NSArray * attributesArray = [attributeString componentsSeparatedByString:@","];
        if ([attributesArray containsObject:@"R"]) {
            // is ReadOnly
            NSLog(@"%s is read only", name);

            // -- CAN I SET THE PROPERTY HERE? -- //
            // property = @"Set"; ?
        }
        // Add to our array
        [propertyNames addObject:[NSString stringWithUTF8String:name]];
    }

    // Free our properties
    free(properties);

    // Send it off
    return propertyNames;
}

Perhaps if there's a way to set a objc_property_t ref directly.

Update

Through comments, I've realized there's some confusion. I think the core of my question is whether or not its possible to set an unknown property at runtime another way besides calling the selector like I'm doing.

Resources

Full Project: Here!

CodeReview Post that prompted this question: Here!

SetValue: forKey: Update

I have a readonly property:

@property (readonly) NSString * readOnlyProperty;

I declare this in the class:

+ (BOOL) accessInstanceVariablesDirectly {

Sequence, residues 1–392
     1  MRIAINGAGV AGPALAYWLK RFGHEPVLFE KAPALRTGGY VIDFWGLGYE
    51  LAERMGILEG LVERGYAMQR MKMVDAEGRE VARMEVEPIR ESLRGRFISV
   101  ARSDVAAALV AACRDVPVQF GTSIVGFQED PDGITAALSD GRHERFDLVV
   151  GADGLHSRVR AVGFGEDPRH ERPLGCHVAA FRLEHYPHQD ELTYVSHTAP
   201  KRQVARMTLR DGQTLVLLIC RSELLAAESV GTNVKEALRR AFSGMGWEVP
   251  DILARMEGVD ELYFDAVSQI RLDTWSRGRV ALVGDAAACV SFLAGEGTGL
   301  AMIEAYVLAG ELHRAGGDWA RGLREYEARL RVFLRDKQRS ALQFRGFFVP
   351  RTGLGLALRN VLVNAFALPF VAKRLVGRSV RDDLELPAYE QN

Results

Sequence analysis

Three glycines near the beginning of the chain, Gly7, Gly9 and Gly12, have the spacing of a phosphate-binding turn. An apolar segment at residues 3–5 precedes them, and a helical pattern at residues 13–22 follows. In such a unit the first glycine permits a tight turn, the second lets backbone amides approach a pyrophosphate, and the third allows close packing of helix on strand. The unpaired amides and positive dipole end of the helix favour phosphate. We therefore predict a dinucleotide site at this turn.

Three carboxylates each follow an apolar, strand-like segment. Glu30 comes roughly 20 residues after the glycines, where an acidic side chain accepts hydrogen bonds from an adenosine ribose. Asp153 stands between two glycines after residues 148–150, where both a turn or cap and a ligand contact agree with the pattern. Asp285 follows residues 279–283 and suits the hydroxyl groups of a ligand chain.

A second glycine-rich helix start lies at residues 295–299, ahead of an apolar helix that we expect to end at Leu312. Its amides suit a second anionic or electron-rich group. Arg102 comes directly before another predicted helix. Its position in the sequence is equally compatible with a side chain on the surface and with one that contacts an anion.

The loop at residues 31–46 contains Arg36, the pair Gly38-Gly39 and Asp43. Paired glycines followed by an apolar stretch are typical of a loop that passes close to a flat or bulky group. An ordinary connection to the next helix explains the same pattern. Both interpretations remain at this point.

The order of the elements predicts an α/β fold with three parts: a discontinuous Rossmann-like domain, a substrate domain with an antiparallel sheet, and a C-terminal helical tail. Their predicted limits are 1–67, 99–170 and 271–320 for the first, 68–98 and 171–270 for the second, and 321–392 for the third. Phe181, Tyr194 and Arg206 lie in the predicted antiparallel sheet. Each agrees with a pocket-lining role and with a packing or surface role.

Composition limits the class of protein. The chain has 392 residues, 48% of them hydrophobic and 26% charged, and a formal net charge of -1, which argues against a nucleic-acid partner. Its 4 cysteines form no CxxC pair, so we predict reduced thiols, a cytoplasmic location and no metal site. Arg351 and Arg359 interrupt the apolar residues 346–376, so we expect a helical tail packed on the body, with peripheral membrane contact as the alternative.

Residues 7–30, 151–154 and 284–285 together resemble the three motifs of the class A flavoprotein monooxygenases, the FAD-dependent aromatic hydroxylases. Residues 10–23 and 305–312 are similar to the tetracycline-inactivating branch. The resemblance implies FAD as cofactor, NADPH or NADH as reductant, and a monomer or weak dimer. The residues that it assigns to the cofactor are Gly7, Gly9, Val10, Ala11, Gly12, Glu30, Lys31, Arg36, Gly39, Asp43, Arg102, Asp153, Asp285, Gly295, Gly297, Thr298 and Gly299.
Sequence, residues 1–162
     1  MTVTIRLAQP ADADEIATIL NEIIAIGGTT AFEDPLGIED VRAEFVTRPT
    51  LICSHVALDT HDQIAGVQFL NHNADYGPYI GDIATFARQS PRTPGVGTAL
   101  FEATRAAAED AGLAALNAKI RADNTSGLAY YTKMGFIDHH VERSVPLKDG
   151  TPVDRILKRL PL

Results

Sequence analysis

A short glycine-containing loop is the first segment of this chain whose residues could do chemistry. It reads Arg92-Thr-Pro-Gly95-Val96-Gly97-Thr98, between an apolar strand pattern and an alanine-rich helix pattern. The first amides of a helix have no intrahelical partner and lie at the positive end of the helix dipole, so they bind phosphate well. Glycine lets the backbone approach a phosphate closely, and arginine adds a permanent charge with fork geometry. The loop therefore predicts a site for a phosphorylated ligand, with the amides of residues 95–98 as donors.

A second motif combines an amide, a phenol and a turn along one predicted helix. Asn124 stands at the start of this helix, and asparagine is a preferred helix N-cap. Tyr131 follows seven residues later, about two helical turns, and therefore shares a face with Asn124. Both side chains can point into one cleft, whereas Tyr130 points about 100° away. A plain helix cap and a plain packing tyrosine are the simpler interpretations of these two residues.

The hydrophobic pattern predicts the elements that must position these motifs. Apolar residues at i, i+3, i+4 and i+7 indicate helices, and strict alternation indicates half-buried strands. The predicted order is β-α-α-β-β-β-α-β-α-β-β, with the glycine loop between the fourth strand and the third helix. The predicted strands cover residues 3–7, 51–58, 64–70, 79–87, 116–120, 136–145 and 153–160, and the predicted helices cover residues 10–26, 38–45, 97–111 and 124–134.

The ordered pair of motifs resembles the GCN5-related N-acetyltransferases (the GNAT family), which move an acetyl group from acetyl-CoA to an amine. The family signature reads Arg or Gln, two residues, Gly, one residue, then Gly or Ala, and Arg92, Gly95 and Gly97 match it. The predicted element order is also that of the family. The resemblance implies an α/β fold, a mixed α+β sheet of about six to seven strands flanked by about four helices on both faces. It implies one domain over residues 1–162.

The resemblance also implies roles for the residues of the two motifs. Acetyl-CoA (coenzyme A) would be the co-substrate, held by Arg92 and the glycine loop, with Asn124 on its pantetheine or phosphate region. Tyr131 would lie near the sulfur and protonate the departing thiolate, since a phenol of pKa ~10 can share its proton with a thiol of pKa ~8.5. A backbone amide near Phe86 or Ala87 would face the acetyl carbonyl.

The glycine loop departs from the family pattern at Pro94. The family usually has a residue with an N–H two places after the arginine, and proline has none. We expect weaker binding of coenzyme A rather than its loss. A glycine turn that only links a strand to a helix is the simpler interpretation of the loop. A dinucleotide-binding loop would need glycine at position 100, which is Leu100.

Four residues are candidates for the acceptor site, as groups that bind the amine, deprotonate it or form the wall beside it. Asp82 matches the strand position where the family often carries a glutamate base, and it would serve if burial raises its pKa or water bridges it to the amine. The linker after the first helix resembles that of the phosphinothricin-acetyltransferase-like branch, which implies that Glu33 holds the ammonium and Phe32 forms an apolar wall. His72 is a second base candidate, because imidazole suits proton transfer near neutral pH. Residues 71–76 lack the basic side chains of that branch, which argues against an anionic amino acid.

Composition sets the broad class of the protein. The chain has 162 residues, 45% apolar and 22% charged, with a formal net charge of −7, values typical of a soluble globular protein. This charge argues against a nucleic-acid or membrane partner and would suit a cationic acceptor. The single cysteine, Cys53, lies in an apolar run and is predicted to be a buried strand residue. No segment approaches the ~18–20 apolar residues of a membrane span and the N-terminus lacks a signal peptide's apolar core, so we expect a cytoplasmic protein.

return YES;
}

I call this:

[self setValue:@"HI" forKey:[NSString stringWithUTF8String:name]];

// -- OR -- // 

[self setValue:@"HI" forKey:[NSString stringWithFormat:@"_%@",[NSString stringWithUTF8String:name]]];

Either way, value is still null.

share|improve this question
2  
Keep in mind that a property is not necessarily just an instance variable. The property getter and setter are real methods that can do anything: read and write a database, compute the property value based on other data, return a random number, or set your computer on fire. Now, are you sure that if the property is marked readonly you want to try to set it anyway? Maybe it's readonly because you're not supposed to try setting it. – rob mayoff May 2 '14 at 19:01
    
@Robmayoff - For this particular class, I can't imagine someone would set a readonly property, and I wouldn't recommend it. Also, for this class, I you have to use the autosynthesized getters setters. Mostly, this question is based on my own curiosity. Sometimes I just want to see if I can do it. – Logan May 2 '14 at 19:03
    
Are you just trying to determine if the selector exists? why not just call respondsToSelector for the object and selector? If the selector doesn't exist you will know and just avoid calling it. – dboals May 2 '14 at 19:05